For combating dengue more effectively and fruitfully, we have to follow the examples of endemic countries all the year round. Malaysia may be a case in point here. The concerned Malay authorities entrusted with the task of preventing dengue spread effective anti-Aedes medicines all over the country all the year round as per schedule. Once a Bangladeshi expat businessman living in Malaysia was attacked with dengue fever, he was immediately shifted to a hospital which was well-equipped for fighting dengue.

Initially, he was given 20/30 drops of saline per minute so that he can be forced to urinate every half an hour with a view to maintaining the platelets level of blood. When the infected Bangladeshi began to improve, the doctors asked him about his whereabouts. Upon knowing his hereabouts, the concerned people went to the place and spread medicines. Even in Kolkata, there has always been a proactive preparedness on the part of the Kolkata City Corporation authority to defend against dengue. In 2019, Kolkata City Corporation spread anti-Aedes medicines three months ahead of the monsoon. Without any prior preparedness, it is simply impossible to reduce the loss of lives from dengue fever.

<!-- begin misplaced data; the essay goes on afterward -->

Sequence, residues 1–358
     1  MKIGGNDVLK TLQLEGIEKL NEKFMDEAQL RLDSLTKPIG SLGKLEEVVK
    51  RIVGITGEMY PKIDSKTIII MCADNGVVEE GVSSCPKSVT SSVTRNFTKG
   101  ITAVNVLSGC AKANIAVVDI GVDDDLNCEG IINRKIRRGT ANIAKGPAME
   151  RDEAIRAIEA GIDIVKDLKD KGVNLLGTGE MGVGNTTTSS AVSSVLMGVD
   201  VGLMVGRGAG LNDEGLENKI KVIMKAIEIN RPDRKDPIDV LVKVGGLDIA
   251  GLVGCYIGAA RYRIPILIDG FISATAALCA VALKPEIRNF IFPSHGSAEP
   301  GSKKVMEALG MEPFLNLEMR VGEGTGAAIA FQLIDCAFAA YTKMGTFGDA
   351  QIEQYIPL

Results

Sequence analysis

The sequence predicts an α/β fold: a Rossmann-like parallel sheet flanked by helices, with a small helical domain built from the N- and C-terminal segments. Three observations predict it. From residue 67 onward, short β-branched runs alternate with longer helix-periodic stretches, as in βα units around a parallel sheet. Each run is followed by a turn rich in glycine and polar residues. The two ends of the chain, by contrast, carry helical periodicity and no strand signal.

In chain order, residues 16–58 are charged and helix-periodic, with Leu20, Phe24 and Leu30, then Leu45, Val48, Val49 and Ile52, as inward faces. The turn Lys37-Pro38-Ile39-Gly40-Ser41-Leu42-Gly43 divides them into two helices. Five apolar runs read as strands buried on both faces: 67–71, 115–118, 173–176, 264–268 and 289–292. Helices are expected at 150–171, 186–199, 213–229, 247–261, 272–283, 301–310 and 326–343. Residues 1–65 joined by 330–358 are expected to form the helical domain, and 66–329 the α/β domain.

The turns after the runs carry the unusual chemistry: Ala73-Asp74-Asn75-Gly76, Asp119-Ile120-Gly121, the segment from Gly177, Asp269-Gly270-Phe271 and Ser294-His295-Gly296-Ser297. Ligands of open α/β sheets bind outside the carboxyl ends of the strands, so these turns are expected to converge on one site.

The writer is Assistant Professor of English, Bogura Cantonment Public School & College.

 E-mail:shasanbogra1@gmail.com

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Editor : M. Shamsur Rahman

Published by the Editor on behalf of Independent Publications Limited at Media Printers, 446/H, Tejgaon I/A, Dhaka-1215.
Editorial, News & Commercial Offices : Beximco Media Complex, 149-150 Tejgaon I/A, Dhaka-1208, Bangladesh. GPO Box No. 934, Dhaka-1000.

Editor : M. Shamsur Rahman
Published by the Editor on behalf of Independent Publications Limited at Media Printers, 446/H, Tejgaon I/A, Dhaka-1215.
Editorial, News & Commercial Offices : Beximco Media Complex, 149-150 Tejgaon I/A, Dhaka-1208, Bangladesh. GPO Box No. 934, Dhaka-1000.